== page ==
A proposed rule to make nursing home ownership more transparent could instead scare off private equity investments, leaving facilities without much-needed capital, experts warn as federal regulators enter the final polishing phase of the measure.

The public comment period on the proposal from the Centers for Medicare & Medicaid Services closed Friday, bringing some of its hot-button issues back to the fore. The rule would require facilities to disclose individuals or entities providing administrative or clinical consulting services. SNFs will also need to list entities from which they lease or sublease property. CMS will review comments and, if the agency decides to move forward, will release a final rule that will be effective after 60 days. 

The rule, proposed in early February, defines private equity companies as a “publicly traded or non-publicly traded company that collects capital investments from individuals or entities and purchases an ownership share of a provider.” A similar definition about being “publicly traded or non-publicly traded” is applied to real estate investment trusts in the CMS proposal. 

A problem is the definitions are so broad that it can be difficult for providers to understand what needs to be disclosed, said Greg Limoncelli, co-chair of Akerman LLP’s Senior Living & Care Sector team and partner in the corporate practice group.

“The federal government has a very legitimate responsibility to make sure that Medicare and Medicaid funds are not stolen, there’s no fraud, and they’re used wisely,” Limoncelli told McKnights Long-Term Care News on Friday. “But knowing how many tiers of private equity there are or who owns the brick-and-mortar (facility) … I’m not so sure that gets them anywhere.”

Limoncelli described the tone with which the regulations have been introduced as “demonizing” private equity. Finding solutions to staffing issues and older facilities that require significant capital for renovations and upgrades won’t be accomplished by scaring off investors, he said. 

“If you require more and more information only so you can hold them accountable so they can be sued, you have to sit there and say, ‘Why would I put my capital into this?’” Limoncelli said. “If you’re going to scare away capital, you’re not going to resolve the situation.”

He added that it almost feels as if regulators felt they had to “do something” rather than take a more targeted or pragmatic approach to such a regulation. 

Renewed pressure from Congress

But after at least 13 years of doing nothing, according to US Sen. Chuck Grassley (R-IA), CMS has let nursing homes’ “Byzantine corporate structures” proliferate and escape accountability. Grassley first petitioned the agency to require transparency on private equity holdings in the sector after a 2007 New York Times article that detailed “high numbers of serious health and safety deficiencies in nursing homes.” Grassley introduced the The Patient Protection and Affordable Care Act in 2010 that required healthcare organizations to disclose individuals or entities who have any level of control, lease property to them, or provide administrative services.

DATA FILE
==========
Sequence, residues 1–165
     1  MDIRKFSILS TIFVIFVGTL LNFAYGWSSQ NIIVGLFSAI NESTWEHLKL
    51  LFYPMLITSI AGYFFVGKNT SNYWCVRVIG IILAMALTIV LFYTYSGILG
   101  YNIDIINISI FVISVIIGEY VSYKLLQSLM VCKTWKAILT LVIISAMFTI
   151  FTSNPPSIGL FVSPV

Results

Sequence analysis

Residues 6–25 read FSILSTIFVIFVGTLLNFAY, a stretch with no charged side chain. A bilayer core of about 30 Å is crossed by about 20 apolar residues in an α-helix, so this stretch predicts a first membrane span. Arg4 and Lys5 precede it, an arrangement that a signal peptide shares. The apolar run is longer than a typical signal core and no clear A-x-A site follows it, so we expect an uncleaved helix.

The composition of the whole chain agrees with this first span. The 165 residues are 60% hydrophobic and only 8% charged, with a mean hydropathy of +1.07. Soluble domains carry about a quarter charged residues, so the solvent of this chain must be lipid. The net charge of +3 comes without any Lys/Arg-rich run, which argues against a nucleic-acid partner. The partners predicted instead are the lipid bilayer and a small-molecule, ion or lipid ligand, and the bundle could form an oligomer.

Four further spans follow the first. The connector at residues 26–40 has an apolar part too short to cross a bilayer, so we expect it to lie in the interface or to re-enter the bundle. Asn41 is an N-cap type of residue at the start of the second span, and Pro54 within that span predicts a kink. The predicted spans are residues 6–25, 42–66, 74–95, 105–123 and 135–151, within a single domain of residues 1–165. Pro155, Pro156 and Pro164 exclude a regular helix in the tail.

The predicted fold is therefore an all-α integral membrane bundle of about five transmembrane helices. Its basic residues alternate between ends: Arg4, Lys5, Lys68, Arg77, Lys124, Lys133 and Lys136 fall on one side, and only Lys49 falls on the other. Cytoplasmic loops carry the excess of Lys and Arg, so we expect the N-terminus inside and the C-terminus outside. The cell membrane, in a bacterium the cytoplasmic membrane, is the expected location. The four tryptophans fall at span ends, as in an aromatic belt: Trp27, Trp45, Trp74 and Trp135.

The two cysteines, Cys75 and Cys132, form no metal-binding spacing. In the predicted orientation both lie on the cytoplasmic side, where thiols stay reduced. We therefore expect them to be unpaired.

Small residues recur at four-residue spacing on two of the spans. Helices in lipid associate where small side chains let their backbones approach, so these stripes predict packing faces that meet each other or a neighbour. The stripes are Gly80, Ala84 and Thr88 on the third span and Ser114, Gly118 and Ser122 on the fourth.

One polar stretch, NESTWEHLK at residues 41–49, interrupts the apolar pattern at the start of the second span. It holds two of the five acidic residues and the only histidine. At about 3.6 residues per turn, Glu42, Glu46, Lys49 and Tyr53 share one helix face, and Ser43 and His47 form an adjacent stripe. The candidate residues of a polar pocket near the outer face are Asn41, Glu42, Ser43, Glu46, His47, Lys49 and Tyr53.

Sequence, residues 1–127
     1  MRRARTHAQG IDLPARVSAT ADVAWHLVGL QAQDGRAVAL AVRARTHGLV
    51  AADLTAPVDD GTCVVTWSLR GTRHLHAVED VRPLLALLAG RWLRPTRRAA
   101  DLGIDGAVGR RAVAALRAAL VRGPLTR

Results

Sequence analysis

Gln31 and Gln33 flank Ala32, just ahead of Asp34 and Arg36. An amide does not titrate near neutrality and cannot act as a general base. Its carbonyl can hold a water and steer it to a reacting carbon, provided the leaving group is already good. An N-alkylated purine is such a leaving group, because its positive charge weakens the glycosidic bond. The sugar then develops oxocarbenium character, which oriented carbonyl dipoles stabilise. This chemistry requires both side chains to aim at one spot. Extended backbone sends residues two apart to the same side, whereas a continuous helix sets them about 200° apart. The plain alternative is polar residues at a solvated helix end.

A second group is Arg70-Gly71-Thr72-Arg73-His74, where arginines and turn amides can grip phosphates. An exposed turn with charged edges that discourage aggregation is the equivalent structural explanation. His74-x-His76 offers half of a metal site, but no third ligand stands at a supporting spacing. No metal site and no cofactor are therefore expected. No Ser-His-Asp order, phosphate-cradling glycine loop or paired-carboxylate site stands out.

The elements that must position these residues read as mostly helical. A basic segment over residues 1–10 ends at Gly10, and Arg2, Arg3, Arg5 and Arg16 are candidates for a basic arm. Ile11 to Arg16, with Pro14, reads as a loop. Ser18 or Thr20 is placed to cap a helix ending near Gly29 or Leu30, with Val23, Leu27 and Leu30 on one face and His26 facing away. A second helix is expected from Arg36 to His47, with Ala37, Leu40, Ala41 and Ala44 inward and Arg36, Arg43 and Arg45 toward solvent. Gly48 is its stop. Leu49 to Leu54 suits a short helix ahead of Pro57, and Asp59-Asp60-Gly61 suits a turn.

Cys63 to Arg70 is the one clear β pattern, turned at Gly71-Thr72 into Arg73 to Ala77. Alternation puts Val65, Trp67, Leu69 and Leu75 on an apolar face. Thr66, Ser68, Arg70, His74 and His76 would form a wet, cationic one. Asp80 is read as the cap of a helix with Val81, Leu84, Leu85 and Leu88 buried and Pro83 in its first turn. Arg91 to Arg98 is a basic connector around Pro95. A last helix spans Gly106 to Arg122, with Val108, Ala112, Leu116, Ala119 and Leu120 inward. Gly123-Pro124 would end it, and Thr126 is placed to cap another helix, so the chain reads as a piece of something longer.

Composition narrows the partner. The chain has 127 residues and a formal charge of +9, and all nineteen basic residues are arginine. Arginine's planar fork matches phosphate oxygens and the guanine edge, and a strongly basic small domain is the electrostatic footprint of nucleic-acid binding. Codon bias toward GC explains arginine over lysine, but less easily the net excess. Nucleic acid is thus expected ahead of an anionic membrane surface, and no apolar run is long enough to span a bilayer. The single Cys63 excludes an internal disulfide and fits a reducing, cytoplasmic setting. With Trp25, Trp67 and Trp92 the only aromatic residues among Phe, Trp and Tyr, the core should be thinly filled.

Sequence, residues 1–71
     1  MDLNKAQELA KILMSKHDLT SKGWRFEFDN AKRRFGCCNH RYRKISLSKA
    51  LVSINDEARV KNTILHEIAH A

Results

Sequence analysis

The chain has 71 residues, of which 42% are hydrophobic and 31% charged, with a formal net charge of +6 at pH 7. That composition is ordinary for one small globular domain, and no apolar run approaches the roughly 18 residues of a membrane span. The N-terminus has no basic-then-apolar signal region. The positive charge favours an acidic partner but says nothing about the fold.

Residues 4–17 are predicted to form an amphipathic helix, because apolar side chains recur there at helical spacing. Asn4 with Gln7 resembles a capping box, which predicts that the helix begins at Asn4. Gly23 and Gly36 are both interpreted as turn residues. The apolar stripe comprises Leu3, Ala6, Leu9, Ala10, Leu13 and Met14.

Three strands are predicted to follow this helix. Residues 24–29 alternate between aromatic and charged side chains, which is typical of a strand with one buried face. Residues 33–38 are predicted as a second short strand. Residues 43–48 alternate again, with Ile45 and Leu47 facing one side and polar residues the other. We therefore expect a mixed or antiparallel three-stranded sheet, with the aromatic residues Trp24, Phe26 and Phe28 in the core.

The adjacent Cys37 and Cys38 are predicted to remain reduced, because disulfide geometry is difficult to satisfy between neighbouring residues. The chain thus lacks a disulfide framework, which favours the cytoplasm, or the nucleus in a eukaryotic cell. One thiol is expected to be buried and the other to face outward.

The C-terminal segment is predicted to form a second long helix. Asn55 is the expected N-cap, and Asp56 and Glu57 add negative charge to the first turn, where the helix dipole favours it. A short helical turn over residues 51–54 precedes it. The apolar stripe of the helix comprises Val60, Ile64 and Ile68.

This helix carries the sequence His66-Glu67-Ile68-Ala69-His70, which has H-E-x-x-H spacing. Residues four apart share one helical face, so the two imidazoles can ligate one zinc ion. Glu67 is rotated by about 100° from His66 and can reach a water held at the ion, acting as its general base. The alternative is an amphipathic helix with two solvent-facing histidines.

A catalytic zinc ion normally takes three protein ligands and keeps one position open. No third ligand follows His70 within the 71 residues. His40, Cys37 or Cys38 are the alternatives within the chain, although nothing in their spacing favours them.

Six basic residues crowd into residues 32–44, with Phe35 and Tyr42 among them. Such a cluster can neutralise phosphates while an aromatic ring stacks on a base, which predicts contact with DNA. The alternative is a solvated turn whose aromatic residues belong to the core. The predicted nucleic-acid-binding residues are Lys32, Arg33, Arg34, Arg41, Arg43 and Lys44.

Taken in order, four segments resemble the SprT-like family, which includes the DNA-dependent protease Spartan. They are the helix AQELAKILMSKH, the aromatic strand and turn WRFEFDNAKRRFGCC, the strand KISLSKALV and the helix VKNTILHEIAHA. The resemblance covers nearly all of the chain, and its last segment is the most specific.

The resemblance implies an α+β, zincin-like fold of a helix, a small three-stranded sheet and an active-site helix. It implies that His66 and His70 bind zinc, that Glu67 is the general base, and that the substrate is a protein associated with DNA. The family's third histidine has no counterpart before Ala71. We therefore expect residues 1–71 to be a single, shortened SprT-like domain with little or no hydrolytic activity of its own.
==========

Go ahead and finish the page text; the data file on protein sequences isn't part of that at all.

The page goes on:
Grassley sent a letter to US Health and Human Services Secretary Xavier Becerra and Centers for Medicare and Medicaid Services Administrator Chiquita Brooks-LaSure approximately a month after the rule was proposed, scolding them for CMS’ “overdue proposed rule that you have thus far failed to finalize and implement.”

“CMS’ thirteen-year delay is slow even by bureaucratic standards and especially egregious given that the number of nursing homes owned by private equity has significantly increased since then,” Grassley wrote.

CMS’ proposed rule would add regulations using the Affordable Care Act and expand the scope of current reporting. Ownership data would be collected at initial Medicare enrollment and updated every five years or when there is a change in ownership.

That expanded scope, though, could lead to more scrutiny and longer surveys by federal and state regulators, said K&L Gates partner Myla Reizen, who is part of the firm’s global Healthcare and FDA practice group. She also said the connotation of private equity throughout the studies CMS is using to justify its rule is overwhelmingly negative. 

“It does seem like there’s a negative bias toward private equity,” Reizen told McKnights on Friday, adding that the perception from regulators appears to be that such investment automatically leads to a decline in the quality of care. 

While some researchers have produced studies that indicate overall lower quality levels in some cases, it is an incorrect, sweeping assumption that diverts from more important regulatory and funding issues that government overseers should be concerned with, provider advocates have criticized during the most recent push for pressure on private-equity sources.